Enjoying a traditional Mallorcan breakfast of ensaïmada and café con leche.
Originally posted April, 2015; Updated January, 2017
I am a PhD student in the UW Archaeology program and the Teaching Assistant for this year’s Historical Archaeology class. I was previously the TA for this course during Spring 2015 and am looking forward to doing it again.
I received my BA in Anthropology from The Ohio State University and an MA in Anthropology from UW. My PhD research is a study of ceramics from the Late Iron Age in Mallorca, Spain, a time when indigenous Mallorcans were increasingly connected with outsiders like Phoenicians and Romans. I am particularly interested in the dynamics of these cultural interactions. My research is a small part of a larger collaboration between UW archaeologists and archaeologists in Spain which we have dubbed the Landscape, Encounters, and Identity Archaeology (LEIA) Project.
Before beginning my work in Spain, I worked on a number of projects and sites in southwest and central Ohio, mostly focused on what archaeologists call the Fort Ancient culture. If you ever find yourself in southwest Ohio, the museum and reconstructed village at SunWatch Indian Village and Archaeological Park make it worth a stop.
Outside of Denny Hall, I am the proud dad to Nikhil. Objectively speaking, he is the best baby in the world.
From rugged beginnings navigating the Midwestern soup my parents elected to raise me in (soup ingredients including: Michigan, Iowa, and Minnesota), to the rainy,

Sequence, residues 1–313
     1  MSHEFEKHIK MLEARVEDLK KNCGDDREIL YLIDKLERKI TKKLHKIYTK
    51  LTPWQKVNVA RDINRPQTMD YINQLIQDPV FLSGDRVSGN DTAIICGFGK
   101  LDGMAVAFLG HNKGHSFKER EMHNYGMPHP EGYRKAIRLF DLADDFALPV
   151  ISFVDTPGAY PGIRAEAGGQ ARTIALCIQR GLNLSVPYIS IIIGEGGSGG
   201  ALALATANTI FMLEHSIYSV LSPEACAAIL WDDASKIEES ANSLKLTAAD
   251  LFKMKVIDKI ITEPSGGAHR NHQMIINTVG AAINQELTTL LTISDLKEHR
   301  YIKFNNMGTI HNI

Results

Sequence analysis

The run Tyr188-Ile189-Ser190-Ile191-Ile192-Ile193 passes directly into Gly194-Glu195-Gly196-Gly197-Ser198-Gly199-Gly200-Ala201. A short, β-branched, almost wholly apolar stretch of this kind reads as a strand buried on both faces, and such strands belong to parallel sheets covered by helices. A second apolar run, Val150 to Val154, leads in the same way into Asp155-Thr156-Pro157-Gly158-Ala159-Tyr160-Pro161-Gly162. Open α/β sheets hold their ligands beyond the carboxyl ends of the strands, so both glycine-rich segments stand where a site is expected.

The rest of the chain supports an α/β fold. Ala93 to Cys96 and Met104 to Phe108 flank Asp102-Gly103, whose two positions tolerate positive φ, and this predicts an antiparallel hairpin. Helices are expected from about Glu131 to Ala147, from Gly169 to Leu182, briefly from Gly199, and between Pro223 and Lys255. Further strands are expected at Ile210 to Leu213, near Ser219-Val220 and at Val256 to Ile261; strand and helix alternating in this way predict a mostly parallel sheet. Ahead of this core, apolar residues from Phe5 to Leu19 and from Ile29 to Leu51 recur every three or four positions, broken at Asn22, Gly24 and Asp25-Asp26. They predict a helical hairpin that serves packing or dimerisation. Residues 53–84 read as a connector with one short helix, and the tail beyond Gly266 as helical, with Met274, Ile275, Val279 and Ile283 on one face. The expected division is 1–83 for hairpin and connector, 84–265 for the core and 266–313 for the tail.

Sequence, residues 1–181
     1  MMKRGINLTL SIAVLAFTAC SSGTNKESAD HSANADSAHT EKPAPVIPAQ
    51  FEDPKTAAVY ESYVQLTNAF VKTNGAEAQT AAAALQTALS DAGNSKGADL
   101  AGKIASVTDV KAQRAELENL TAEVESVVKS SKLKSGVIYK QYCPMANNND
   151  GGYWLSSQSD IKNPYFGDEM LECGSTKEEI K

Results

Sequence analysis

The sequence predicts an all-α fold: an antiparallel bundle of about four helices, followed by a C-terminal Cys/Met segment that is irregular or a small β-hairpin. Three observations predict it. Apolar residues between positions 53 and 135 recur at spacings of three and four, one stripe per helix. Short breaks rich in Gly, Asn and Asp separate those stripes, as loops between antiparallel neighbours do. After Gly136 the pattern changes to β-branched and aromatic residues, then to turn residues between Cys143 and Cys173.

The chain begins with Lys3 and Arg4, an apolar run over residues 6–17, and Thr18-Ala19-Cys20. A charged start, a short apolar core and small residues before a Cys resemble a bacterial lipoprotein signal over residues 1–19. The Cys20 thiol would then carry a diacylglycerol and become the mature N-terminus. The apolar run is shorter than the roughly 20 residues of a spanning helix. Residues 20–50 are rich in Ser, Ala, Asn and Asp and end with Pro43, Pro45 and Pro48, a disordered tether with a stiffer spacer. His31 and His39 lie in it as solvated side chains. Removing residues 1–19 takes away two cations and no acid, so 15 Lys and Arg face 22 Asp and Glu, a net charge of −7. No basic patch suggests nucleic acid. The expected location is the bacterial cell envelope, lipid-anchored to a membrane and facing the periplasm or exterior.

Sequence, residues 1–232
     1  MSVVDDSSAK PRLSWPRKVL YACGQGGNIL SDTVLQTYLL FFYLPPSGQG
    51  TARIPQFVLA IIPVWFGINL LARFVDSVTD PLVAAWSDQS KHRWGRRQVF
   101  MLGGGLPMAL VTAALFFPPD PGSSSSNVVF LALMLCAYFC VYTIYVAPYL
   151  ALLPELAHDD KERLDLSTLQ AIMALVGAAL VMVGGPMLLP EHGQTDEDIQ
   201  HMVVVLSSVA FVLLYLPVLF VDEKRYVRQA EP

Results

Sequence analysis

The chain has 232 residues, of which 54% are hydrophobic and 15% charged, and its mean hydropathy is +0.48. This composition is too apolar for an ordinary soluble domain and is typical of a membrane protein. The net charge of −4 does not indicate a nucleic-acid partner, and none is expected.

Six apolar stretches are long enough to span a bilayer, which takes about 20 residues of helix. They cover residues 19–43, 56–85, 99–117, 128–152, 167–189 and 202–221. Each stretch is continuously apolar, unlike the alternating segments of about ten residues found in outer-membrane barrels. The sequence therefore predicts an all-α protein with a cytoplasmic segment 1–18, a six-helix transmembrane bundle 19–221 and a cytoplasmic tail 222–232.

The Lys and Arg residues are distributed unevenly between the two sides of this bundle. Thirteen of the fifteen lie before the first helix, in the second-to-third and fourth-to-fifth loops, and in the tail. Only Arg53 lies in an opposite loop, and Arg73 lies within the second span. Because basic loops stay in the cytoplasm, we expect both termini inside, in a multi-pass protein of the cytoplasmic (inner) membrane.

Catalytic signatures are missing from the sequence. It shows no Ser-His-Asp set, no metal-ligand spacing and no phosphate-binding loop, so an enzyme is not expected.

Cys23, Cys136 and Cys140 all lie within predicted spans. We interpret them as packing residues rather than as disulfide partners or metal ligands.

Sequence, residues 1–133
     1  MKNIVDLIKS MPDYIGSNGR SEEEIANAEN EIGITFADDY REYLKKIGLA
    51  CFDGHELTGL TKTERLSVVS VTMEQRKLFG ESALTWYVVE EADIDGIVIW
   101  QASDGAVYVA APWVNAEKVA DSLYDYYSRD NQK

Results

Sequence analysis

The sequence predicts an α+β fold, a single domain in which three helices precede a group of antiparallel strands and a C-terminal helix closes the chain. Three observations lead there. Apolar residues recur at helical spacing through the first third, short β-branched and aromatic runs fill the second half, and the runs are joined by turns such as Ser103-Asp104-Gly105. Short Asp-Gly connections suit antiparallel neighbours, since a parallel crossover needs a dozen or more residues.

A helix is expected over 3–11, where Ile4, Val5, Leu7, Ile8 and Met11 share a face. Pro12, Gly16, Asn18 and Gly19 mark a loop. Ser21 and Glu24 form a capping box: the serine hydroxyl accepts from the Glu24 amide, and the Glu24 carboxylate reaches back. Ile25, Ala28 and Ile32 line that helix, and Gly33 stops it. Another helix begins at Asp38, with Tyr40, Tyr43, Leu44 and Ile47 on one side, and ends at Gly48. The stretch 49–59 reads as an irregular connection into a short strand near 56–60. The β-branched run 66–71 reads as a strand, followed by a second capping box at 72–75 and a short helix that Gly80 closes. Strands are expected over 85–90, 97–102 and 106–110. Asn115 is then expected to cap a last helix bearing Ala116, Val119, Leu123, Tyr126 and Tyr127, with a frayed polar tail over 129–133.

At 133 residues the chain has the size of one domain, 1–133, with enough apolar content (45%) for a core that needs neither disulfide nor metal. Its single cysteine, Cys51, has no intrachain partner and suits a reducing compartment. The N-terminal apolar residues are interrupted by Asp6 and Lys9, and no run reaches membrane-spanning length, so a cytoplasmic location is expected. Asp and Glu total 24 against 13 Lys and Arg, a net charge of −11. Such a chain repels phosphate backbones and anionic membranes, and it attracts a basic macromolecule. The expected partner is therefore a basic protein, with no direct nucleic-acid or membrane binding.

Patagonia-clad city of Seattle in which I now attend the University of Washington, one thing has remained unchanged- my love of finding dead things. I give credit mostly to the entertainment options, or lack there of, in Iowa. After all, scrutinizing my backyard for animal bones and turtle shells was more fun than trying to roll hay bails.
Once I started my undergraduate journey at UW, blindly sampling classes, I found myself in an Introduction to Archaeology class. This was the first time it dawned on me that my mildly creepy hobby could be a more than just a reason to keep my eyes glued to the ground on nature hikes. After this realization, I jetted off to Mallorca, Spain to participate in the Landscape, Encounters, and Identity Archaeology Project (LEIAP), which was equal parts excavation and survey. Upon my return to Seattle, I experienced archaeology withdrawals, so as any couple recovering from an untimely end would do, we got back together. I am now designing an exploratory research project involving macroscopic analysis of the handmade pottery sherds collected during survey.
When I’m not interrogating nature for dead things to admire, I enjoy equally wild activities like knitting, online shopping, and FaceTiming my pug, Franklin.